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Comcast Shuts Premium Skype Service

Given the ubiquity of free video chat, it's hard to make the case for Skype on TV at US$10 per month. After a year of trying, Comcast Corp. will quietly shut down its Xfinity Skype service on June 1. Comcast will continue to support existing customers. Skype on Xfinity launched ahead of the Cable Show last year, with service starting in Boston and Seattle. Triple-play customers were offered the TV-based videoconferencing product with a free hardware kit that included a video camera, adapter box and remote control. At $9.95 a month, however, DSLReports has confirmed that the service suffered poor adoption rates. (See also Consumers Embrace Video Calling, if It's Free.) Comcast isn't the only company that has tried to make a go of paid video chat. WorldGate and Motorola Inc. pushed hard eight years ago for the Ojo videophone, which promised high-quality video conversations, but the retail equipment cost several hundred dollars. Then there was Cisco Systems Inc. with its expensive umi home videophone service. Both ventures ended badly. (See The End of the World[Gate] and Cisco's Farewell to Consumers.) This latest videoconferencing failure doesn't mean cable is done with telepresence, however. Comcast and Rogers Communications Inc. invested $15 million in Tely Labs only seven months ago with the hope of wooing commercial customers to videophone service. (See Comcast & Rogers Plows $15M into Telepresence.) Tely Labs has used the funding to introduce telyHD Business Edition, a premium videoconferencing service aimed at the SMB market. — Mari Silbey, Special to Light Reading Cable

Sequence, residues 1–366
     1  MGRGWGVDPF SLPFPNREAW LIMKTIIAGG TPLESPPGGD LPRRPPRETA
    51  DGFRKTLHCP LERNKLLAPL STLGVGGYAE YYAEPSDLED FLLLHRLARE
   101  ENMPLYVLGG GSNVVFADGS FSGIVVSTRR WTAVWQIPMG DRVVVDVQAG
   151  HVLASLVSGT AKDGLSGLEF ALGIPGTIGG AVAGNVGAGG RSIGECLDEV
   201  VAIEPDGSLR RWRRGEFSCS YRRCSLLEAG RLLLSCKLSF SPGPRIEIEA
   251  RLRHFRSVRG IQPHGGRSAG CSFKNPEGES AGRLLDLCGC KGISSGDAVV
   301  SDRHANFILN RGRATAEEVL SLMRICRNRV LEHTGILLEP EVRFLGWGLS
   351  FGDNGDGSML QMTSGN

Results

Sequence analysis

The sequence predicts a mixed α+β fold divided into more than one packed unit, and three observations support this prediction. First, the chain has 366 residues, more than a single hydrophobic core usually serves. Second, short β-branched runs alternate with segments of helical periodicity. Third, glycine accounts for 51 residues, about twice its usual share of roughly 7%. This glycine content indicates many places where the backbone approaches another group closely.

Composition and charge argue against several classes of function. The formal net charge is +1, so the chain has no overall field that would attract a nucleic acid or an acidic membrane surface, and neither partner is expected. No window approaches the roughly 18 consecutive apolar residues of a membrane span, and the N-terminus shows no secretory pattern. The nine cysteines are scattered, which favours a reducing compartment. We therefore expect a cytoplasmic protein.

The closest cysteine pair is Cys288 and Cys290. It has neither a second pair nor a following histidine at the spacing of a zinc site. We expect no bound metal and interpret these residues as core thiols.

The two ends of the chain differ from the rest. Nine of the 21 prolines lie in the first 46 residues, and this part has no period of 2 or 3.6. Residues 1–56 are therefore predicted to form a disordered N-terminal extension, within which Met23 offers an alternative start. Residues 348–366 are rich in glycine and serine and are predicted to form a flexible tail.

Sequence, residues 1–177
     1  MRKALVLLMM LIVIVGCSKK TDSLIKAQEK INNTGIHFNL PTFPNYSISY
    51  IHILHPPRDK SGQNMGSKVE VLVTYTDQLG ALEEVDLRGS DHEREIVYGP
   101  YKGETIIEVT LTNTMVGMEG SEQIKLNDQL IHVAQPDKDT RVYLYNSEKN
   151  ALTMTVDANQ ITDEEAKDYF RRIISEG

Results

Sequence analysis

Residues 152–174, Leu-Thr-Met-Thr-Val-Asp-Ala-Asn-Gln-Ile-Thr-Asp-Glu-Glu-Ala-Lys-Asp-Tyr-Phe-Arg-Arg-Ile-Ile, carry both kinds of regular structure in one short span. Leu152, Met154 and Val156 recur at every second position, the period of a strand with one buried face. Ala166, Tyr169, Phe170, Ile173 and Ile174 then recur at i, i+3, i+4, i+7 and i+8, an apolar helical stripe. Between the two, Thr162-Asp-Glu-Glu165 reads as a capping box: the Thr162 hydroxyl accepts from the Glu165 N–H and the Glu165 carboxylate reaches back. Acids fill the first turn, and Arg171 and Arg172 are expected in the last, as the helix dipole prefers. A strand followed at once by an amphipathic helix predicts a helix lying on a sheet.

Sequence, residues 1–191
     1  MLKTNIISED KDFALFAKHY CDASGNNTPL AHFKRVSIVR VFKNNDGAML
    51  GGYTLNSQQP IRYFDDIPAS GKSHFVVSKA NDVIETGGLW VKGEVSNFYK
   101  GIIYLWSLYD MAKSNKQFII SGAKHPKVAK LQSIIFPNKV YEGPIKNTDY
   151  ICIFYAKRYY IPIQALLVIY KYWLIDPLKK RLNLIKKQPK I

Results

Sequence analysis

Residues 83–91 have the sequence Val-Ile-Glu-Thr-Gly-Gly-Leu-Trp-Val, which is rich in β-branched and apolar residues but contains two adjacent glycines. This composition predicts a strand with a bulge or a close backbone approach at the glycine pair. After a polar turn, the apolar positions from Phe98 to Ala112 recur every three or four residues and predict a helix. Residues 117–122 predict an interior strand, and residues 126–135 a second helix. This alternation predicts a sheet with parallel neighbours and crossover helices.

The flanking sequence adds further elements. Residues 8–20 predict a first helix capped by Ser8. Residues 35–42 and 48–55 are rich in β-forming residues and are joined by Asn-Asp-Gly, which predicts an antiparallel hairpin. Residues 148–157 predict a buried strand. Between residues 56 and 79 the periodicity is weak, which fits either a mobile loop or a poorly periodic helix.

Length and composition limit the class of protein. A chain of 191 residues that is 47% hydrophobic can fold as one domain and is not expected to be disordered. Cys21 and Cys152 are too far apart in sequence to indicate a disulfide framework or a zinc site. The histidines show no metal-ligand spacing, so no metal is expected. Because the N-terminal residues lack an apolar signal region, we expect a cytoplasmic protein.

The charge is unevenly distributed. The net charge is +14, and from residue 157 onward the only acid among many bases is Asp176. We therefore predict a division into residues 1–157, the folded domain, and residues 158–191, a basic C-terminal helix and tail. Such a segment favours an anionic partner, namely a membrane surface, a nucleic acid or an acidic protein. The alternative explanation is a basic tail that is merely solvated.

Telco 5/9/2013 | 2:29:09 PM
re: Comcast Shuts Premium Skype Service We still have a problem of launching anything or only home runs. Some companies launch anything and support as much new technology to get/keep any subscriber while others launch only those that will increase subscribers by 5%. The pitfalls- if you launch anything, you irritate those who look at margins for each silo while you please many community of users. If you launch only the home runs, you push users who need specialty requirements to small service provides who only need to feed 100 to 500 employee families. Same argument as 20 years ago. Asia carriers turn on all features while European and NA carriers only turn-on hopeful home-runs.
msilbey 5/9/2013 | 12:16:35 AM
re: Comcast Shuts Premium Skype Service Craig- Given all the disasters preceding it, it's hard to imagine how this ever got off the ground.
craigleddy 5/8/2013 | 7:36:55 PM
re: Comcast Shuts Premium Skype Service Does this surprise anyone? From the moment it was announced the service was dogged by questions of why people would pay to put Skype on TV when you can get it on a laptop for free. Our friends and family can only look so good on a big-screen HDTV. "Hey Grandpa, back away from the camera!"
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